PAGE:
CL: Definitely helped. I think music games are a great gateway drug to other gaming genres. They are easy for anyone to jump into and really fun in to play in a social setting. I think they served an important purpose and got people familiar with and excited about games in a unique way. The genre ultimately became oversaturated, which lead to the untimely demise of several franchises and development teams. If anything about music games ever hurt the industry, it’s that a boatload of very talented people suddenly found themselves without a job.
Spartan Chronicle: Would you like to see music games make a comeback?
CL: Right now, I could take it or leave it. That might be the hundreds of hours I’ve spent playing music games talking, but I don’t have the itch to play music games right now. I had a good time with Rocksmith, and I think it improved upon some of the things Rock Band 3’s Pro Mode tried to do. That being said, I’m not quite sure if the world really needs another music game, unless it tries something radically different. I think it’s time for people to start to play real instruments at this point.
Spartan Chronicle: Are there any games that you are excited to play this year?
CL: I’m very excited about Assassin’s Creed Revelations and Halo: Anniversary. Both of those come out on November 15, which will make for a busy week. I’m currently playing Batman: Arkham City and Dark Souls, and I just started Uncharted 3, so time is at a premium right now. And then there’s Skyrim. Sheesh! Too many good games!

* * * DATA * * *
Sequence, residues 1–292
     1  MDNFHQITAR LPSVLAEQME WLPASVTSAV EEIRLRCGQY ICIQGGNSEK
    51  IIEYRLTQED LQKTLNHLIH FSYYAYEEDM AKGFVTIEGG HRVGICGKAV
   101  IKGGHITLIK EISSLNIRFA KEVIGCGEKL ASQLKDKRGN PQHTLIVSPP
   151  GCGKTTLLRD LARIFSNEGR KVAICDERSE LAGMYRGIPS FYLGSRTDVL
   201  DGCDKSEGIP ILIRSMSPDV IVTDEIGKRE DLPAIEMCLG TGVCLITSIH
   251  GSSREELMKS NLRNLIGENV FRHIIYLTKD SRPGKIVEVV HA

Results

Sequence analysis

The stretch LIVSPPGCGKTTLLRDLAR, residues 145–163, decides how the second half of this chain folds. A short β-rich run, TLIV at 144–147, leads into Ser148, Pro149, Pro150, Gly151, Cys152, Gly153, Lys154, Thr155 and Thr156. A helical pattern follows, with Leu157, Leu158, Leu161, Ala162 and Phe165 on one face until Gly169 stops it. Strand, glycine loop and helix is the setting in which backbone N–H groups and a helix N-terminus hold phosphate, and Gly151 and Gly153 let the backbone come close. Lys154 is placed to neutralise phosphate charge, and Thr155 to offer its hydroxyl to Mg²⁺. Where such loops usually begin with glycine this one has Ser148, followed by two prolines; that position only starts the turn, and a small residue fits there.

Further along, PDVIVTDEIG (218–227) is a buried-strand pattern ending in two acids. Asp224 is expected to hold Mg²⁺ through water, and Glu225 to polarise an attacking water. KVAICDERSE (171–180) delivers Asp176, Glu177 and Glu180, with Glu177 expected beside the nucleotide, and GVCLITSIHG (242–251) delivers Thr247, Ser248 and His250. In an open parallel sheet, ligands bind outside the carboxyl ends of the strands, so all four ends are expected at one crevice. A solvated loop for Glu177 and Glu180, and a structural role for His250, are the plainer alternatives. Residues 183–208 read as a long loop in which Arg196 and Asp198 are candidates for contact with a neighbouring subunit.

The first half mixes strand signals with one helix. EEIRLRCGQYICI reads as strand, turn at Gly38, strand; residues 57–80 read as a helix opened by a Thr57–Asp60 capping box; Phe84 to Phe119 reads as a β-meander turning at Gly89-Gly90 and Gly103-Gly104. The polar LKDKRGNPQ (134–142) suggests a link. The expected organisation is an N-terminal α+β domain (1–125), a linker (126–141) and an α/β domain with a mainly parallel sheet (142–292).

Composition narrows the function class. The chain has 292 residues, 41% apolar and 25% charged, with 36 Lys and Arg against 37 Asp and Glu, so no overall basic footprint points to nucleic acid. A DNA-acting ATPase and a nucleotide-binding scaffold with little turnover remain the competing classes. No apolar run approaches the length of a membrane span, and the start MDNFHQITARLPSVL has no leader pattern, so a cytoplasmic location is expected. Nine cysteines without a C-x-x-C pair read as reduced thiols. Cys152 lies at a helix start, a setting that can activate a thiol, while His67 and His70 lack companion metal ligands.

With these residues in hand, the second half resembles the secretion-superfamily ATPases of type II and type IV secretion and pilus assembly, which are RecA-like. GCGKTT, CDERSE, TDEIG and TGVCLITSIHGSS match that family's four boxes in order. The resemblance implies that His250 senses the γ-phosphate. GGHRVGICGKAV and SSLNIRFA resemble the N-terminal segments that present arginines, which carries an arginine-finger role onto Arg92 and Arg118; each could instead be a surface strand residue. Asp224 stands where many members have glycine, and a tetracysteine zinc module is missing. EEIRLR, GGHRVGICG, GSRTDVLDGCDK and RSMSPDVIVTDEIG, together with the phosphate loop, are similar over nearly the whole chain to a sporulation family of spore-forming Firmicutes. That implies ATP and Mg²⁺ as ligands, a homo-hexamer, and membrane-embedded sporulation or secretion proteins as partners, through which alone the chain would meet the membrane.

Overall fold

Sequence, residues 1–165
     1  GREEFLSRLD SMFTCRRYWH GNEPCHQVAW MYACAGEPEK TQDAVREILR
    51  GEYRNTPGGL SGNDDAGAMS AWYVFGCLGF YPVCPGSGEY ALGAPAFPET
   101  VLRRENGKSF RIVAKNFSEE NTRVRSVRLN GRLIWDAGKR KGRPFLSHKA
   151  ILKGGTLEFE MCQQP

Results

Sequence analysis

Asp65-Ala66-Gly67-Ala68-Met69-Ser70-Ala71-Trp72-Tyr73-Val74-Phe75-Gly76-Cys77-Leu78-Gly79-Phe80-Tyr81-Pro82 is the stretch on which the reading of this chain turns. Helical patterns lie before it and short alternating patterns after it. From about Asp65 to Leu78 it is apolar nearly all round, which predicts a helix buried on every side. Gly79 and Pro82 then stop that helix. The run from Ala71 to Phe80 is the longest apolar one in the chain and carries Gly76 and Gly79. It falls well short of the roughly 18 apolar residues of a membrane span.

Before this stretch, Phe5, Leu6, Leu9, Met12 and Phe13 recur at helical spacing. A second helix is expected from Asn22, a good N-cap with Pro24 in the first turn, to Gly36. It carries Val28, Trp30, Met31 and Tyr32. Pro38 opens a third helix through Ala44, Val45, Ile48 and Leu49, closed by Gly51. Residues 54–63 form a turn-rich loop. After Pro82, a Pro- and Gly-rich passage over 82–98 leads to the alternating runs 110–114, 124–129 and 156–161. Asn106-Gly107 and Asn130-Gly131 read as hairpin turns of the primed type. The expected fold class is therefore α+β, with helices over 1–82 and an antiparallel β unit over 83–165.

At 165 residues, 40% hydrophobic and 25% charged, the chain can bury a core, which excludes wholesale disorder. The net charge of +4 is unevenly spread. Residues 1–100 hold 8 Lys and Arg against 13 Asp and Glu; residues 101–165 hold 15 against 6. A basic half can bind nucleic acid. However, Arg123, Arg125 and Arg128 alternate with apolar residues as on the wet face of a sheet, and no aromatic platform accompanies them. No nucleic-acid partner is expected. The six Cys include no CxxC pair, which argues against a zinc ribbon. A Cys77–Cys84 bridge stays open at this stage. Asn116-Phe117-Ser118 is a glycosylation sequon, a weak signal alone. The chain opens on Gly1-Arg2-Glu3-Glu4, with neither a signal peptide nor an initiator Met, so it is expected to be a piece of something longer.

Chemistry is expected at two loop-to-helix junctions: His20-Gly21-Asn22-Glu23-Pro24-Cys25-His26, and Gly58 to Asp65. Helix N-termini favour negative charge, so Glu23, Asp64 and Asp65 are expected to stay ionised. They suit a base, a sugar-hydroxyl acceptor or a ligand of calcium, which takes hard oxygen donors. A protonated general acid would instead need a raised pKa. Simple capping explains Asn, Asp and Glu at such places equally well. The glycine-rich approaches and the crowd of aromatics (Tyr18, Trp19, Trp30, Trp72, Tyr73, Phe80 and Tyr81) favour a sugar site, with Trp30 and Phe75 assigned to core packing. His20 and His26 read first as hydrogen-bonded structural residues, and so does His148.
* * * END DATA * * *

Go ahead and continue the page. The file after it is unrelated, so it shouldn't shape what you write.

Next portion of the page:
Spartan Chronicle: Can readers expect you to review any of those games?
CL: No, I’m very busy with all things IGN, but have top men working on them.
Spartan Chronicle: With the video game industry still relatively young, what are you excited to see from it in the future?
CL: I’m excited to see gaming made increasingly more accessible to more people. I predict another round of price-drops is in the near future. If the Xbox 360 and Playstation 3 drop below 200 dollars, I anticipate more interest in the medium. The time to get into gaming is now. With huge catalogs of games to choose from, it’s a great to be a gamer. For the future, I look forward to more innovation, and having my mind blown by the ninjas and wizards at today’s development studios. With most franchises on their final iterations, I think we’ll see some exciting intellectual properties beginning to crop up. We’ve seen Gears, Uncharted and Mass Effect peak, and I’m eager to see what comes next. Same goes for hardware, which I think the world will get first glimpses of next year. Readers should check IGN.com for all the upcoming gaming news.